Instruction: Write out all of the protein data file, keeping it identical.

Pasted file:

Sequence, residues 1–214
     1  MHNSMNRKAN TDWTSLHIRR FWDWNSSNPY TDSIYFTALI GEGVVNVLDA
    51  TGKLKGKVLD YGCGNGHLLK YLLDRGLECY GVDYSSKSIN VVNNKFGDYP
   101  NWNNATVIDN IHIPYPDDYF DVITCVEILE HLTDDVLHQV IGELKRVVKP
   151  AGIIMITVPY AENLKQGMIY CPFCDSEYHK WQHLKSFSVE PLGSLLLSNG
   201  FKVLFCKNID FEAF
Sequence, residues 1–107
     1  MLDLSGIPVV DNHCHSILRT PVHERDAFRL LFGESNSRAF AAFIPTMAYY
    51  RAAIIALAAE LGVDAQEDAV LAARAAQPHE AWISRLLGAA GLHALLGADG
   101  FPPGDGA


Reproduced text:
Sequence, residues 1–214
     1  MHNSMNRKAN TDWTSLHIRR FWDWNSSNPY TDSIYFTALI GEGVVNVLDA
    51  TGKLKGKVLD YGCGNGHLLK YLLDRGLECY GVDYSSKSIN VVNNKFGDYP
   101  NWNNATVIDN IHIPYPDDYF DVITCVEILE HLTDDVLHQV IGELKRVVKP
   151  AGIIMITVPY AENLKQGMIY CPFCDSEYHK WQHLKSFSVE PLGSLLLSNG
   201  FKVLFCKNID FEAF
Sequence, residues 1–107
     1  MLDLSGIPVV DNHCHSILRT PVHERDAFRL LFGESNSRAF AAFIPTMAYY
    51  RAAIIALAAE LGVDAQEDAV LAARAAQPHE AWISRLLGAA GLHALLGADG
   101  FPPGDGA